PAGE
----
The Man Who Wouldn’t Stand Up
Cargo Publishing, £8.99
THE judges of the Dundee International Book Prize were so impressed with this book that last month they gave it their £10,000 prize. Two of them provided quotes for its front and back covers: “Engaging, funny, ingenious, even charming,” contends Philip Pullman. “A darkly comic satire full of insight into American culture,” states Stephen Fry. Tempted?
Having read this book to the finish, it is clear how carefully both judges chose their words. You couldn’t take serious issue with either – though “ingenious” might be pushing it, and Fry is over-egging the novel’s heavyweight credentials.
None of this is, however, apparent for several chapters. Arnold Brinkman is a New York botanist who seems a model citizen. He lives in Greenwich Village with his wife Judith, a painter of cityscapes, and augments the family income by writing plant books. Their neighbours, the Cards – one a lawyer, the other a professor of bioethics – are also well-off New Yorkers, people who cultivate respectability, liberal tolerance and conscience.
Arnold adores his wife and his plants. He does not, however, love America. This becomes publicly exposed when, at a baseball game, he refuses to rise for the singing of God Bless America. When his image is blazoned on-screen around the stadium, Arnold compounds his offence by sticking out his tongue. He is duly cat-called, booed, reviled.
His wife and the Cards are at first supportive, but when the wave of public revulsion leads to a 24/7 protest and TV crews outside their apartment, Judith implores him to apologise. He refuses, and likens the stadium affair to a Nuremberg rally. Damned by patriotic public opinion, Arnold will pay for his intransigence. He is offered a chance to explain himself in an interview with a sympathetic magazine. Cassandra, the fawning reporter, needs the scoop. He turns her down. His shrillest critic is the Reverend Spotty Spitford, a black evangelical. When Arnold’s prized garden is vandalised, he blames Spitford, and bent on revenge, attacks the minister and desecrates his church. A Rubicon has been crossed.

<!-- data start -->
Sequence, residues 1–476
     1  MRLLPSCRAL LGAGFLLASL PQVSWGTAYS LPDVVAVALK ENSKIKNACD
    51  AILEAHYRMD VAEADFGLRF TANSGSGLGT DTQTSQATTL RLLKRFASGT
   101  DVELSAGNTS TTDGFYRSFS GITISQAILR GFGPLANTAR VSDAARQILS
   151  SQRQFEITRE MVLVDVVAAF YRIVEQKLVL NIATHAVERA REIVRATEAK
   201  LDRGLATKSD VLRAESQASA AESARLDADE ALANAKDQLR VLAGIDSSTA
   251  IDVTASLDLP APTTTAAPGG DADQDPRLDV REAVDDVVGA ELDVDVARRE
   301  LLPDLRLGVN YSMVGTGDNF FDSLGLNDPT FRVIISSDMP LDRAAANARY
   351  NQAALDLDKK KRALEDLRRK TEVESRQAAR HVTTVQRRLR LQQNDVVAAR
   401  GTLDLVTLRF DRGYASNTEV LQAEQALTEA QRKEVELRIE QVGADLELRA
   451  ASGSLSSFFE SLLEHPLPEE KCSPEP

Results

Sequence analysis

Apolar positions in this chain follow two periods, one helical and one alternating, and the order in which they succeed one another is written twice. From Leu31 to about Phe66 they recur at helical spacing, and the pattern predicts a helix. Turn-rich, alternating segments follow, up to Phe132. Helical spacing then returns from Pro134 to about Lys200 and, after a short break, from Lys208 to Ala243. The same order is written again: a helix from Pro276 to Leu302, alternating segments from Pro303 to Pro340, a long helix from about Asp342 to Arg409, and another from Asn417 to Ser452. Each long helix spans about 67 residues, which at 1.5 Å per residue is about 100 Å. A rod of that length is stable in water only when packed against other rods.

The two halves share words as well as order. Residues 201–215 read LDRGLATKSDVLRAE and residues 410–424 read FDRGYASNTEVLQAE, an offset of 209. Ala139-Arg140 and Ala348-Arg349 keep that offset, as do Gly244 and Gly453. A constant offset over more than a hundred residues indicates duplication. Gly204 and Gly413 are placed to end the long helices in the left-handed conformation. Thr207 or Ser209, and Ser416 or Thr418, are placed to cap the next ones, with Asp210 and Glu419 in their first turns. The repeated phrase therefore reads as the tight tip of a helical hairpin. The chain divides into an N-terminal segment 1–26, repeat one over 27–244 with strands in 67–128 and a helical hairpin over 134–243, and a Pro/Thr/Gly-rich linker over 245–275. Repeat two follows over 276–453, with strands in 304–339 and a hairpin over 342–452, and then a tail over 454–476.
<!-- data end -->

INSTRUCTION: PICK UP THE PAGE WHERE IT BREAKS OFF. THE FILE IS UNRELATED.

The story so far is an interesting, entertaining critique of American jingoism, a satire on the excesses of intolerance and of parasitic grandstanding by the media and political right-wing activists. Arnold’s stolid, stubborn nature is convincingly subjected to heightened stress, but in plot terms, Appel’s options are rapidly dwindling. His solution is radical. Having lured us into a study of stress and prejudice, he manipulates Arnold’s departure from his hideaway by revealing – to Arnold and the reader simultaneously – the awful nemesis of Arnold’s fate.
It’s a moment of shock, and Arnold reels straight from heightened reality into comic-book surreality, teaming up with the Bare-Ass Bandit who discovers Arnold homeless, cloaked in undergrowth and darkness in Central Park. For weeks the Bandit – “a nude, sabre-wielding outlaw” – has been terrorising the city. He is a one-man lunatic fringe, stealing clothing, making citizens look ridiculous, engaging in acts of subversion. For weeks they live together, making raids on the unsuspecting. To call this phase of the novel risible would be to dignify its significance. “It all seemed like a bizarre nightmare,” we are told, as Arnold moves towards the story’s pie-eyed conclusion.
It would be unfair to omit that at times Appel’s writing is authoritative, dazzling, observant, succinct and can make you laugh. Its first 130 pages read like a truly prize-winning story. Alas, by the end, it is the novel, and not its hero, that doesn’t stand up.